Formation of Sthanakvasi
The Sthanakvasis were formed by the seventeenth century Gujarati merchant called Lavaji. He along with another merchant Dharmasimha broke away from the Lonka gaccha. It is doubtful whether Lavaji took formal ascetic initiation but there is no doubt that the substance of his criticism of the Lonka gaccha was directed to its general laxity. He had advised to revert to the model of ascetic behaviour that was found in the Dashavaikalika. This however, did not include the worship of images. Three monks succeeded him in pupillary succession. They followed the practice envisaged in the earliest Holy Scriptures of staying in ruined and deserted building. It was for this reason that the monks of this nascent sub sect were called Dhumdhiya, meaning 'Searchers.'
The Sthanakvasis meaning 'Living in Lodging Houses (Sthanaka), have thus evolved from these monks. The monks belonging to this denomination rejected the upashrayas lodgings that the image-worshippers had erected in the vicinity of temples. Lavaji introduced a practise that distinguished Sthanakvasi and Terapanthi monks from those of other Swetambara denominations. Jains wear a strip of cloth across the mouth that remains tied behind the ears. It is known as muhpatti or mouth-shield. This minimises the destruction of air-bodies and tiny insects through the outflow or inflow of breath. The wearing of the muhpatti is a sign of the ascetic's dedication to ahimsa.
The monks of the Swetambara denomination tie or hold in hand the muhpatti only on special worship or rite occasions. They also tie up a handkerchief over their mouth and nostrils while praying close to the image. On the other hand the monks of the Sthanakvasis and Terapanthis wear the muhpatti permanently.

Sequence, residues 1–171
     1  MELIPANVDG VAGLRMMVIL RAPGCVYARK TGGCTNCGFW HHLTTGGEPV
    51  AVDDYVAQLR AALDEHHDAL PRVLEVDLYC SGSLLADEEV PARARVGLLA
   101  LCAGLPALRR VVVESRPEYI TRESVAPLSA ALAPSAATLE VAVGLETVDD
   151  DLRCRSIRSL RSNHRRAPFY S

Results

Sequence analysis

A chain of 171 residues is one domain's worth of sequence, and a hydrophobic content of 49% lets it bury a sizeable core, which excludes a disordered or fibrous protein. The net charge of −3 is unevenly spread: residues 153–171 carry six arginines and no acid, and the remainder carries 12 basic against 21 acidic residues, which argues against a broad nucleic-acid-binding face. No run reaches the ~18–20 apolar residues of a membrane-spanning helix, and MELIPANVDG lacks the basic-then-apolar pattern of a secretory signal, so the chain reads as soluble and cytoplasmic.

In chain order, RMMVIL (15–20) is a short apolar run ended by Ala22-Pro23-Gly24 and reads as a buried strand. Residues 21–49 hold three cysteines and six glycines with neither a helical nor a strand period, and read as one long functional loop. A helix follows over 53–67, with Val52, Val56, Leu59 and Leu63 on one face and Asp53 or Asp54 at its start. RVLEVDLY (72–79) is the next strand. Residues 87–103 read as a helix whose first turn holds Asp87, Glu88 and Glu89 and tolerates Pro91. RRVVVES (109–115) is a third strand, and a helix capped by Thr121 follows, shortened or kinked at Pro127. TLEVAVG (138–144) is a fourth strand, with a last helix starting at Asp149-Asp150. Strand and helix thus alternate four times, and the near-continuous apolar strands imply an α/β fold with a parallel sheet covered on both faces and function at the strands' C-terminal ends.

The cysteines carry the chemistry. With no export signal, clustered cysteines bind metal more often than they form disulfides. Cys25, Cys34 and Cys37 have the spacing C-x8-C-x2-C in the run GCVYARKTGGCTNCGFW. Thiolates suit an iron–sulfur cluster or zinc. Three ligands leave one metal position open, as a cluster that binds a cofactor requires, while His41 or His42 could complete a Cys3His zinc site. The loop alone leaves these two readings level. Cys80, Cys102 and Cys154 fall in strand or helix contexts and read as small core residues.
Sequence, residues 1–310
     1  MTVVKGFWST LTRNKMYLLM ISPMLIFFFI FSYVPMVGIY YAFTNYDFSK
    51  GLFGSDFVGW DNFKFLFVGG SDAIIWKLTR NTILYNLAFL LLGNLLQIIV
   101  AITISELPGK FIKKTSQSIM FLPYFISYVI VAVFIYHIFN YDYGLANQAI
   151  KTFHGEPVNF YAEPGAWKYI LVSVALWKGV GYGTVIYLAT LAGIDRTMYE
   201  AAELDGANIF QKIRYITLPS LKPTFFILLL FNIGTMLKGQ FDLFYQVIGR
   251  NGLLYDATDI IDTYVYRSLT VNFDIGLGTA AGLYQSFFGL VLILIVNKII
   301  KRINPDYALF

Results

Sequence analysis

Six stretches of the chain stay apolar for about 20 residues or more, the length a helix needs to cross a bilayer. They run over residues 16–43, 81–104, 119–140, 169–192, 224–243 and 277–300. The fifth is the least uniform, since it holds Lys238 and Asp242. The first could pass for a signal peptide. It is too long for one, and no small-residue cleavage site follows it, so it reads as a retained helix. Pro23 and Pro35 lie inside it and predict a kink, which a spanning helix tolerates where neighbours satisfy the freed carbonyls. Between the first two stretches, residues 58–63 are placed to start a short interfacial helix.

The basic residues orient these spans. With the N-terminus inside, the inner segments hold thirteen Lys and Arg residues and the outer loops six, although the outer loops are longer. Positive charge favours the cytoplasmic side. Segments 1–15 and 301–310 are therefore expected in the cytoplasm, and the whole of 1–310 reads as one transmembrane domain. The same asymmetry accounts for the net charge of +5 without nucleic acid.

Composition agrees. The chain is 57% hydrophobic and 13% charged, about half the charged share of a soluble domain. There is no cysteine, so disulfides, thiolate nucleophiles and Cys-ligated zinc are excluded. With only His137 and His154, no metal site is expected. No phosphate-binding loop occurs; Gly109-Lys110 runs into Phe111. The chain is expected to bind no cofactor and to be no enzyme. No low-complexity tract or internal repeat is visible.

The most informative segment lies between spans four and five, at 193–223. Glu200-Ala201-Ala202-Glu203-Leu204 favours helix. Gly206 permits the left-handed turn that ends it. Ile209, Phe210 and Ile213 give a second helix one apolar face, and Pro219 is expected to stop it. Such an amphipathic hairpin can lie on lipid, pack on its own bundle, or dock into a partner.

It is important to note here that the apparent reason for their emergence was a process of ascetic reform initiated by Lavaji and Dharmasimha. It is however, suggested that it was also evident that those who became Sthanakvasis were in fact trying to break away from high caste domination. The Sthanakvasis split at a fairly early stage into branches and formed as many as twenty-two branches. The Sthanakvasis have remained a resilient part of the Jain community who bear a high reputation for their devotion towards the tenets of ahimsa and compassion. Earlier the Sthanakvasis were located chiefly in the north and the west in towns such as Ludhiana in Punjab and Limbdi in Gujarat.
Currently however, due to increasing internal migration by the Sthanakvasi laity in India, they have become more widespread. The Sthanakvasi monks can often be seen passing caturmas i.e. the four month rainy season retreat in the south of the subcontinent.
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